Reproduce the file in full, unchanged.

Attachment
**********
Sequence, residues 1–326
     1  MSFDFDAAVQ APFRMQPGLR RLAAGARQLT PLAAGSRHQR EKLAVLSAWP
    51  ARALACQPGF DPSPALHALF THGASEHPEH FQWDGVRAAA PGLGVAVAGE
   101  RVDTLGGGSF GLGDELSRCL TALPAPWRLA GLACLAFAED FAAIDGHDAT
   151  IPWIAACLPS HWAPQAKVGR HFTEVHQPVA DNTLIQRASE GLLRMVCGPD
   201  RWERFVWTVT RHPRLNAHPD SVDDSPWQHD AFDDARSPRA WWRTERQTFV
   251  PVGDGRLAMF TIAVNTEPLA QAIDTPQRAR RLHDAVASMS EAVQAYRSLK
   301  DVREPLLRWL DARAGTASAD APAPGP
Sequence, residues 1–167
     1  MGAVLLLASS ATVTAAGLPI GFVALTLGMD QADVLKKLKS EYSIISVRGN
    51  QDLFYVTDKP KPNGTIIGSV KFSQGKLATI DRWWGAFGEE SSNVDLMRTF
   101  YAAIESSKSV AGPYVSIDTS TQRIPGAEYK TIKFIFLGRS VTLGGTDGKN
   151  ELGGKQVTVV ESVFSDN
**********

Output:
Sequence, residues 1–326
     1  MSFDFDAAVQ APFRMQPGLR RLAAGARQLT PLAAGSRHQR EKLAVLSAWP
    51  ARALACQPGF DPSPALHALF THGASEHPEH FQWDGVRAAA PGLGVAVAGE
   101  RVDTLGGGSF GLGDELSRCL TALPAPWRLA GLACLAFAED FAAIDGHDAT
   151  IPWIAACLPS HWAPQAKVGR HFTEVHQPVA DNTLIQRASE GLLRMVCGPD
   201  RWERFVWTVT RHPRLNAHPD SVDDSPWQHD AFDDARSPRA WWRTERQTFV
   251  PVGDGRLAMF TIAVNTEPLA QAIDTPQRAR RLHDAVASMS EAVQAYRSLK
   301  DVREPLLRWL DARAGTASAD APAPGP
Sequence, residues 1–167
     1  MGAVLLLASS ATVTAAGLPI GFVALTLGMD QADVLKKLKS EYSIISVRGN
    51  QDLFYVTDKP KPNGTIIGSV KFSQGKLATI DRWWGAFGEE SSNVDLMRTF
   101  YAAIESSKSV AGPYVSIDTS TQRIPGAEYK TIKFIFLGRS VTLGGTDGKN
   151  ELGGKQVTVV ESVFSDN